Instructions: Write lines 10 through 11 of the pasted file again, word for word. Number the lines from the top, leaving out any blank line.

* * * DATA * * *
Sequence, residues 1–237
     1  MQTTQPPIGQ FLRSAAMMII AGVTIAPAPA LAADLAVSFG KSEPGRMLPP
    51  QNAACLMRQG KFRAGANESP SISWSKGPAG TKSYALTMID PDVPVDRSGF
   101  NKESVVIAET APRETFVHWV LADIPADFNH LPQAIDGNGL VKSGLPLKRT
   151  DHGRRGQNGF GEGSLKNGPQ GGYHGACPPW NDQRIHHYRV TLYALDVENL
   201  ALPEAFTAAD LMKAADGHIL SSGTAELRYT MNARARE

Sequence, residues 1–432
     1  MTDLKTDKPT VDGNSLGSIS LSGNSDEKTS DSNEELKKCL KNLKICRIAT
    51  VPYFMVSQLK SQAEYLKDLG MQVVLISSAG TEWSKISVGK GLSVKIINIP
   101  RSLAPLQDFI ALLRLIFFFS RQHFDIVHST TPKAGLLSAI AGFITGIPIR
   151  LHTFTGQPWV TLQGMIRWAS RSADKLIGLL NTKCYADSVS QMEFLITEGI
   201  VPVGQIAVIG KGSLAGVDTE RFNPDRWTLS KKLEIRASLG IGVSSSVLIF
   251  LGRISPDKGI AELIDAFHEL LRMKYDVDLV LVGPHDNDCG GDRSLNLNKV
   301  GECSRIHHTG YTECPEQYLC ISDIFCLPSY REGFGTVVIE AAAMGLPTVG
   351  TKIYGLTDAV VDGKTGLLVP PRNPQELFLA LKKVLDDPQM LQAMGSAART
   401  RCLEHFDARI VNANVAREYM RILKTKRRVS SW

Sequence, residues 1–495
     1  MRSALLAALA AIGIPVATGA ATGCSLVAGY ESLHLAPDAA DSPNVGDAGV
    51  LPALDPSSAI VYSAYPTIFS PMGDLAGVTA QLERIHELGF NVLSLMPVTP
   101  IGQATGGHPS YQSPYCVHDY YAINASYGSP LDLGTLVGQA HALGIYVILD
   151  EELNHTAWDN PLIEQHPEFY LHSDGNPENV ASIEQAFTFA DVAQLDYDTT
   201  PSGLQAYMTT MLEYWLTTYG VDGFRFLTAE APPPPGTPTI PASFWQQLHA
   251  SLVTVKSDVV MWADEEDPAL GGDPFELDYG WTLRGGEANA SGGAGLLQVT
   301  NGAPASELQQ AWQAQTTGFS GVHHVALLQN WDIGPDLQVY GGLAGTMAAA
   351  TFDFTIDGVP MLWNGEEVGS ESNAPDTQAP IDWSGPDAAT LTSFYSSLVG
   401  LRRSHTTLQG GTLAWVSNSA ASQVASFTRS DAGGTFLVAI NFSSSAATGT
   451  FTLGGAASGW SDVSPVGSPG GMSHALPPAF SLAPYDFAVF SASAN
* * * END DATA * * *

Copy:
   101  RSLAPLQDFI ALLRLIFFFS RQHFDIVHST TPKAGLLSAI AGFITGIPIR
   151  LHTFTGQPWV TLQGMIRWAS RSADKLIGLL NTKCYADSVS QMEFLITEGI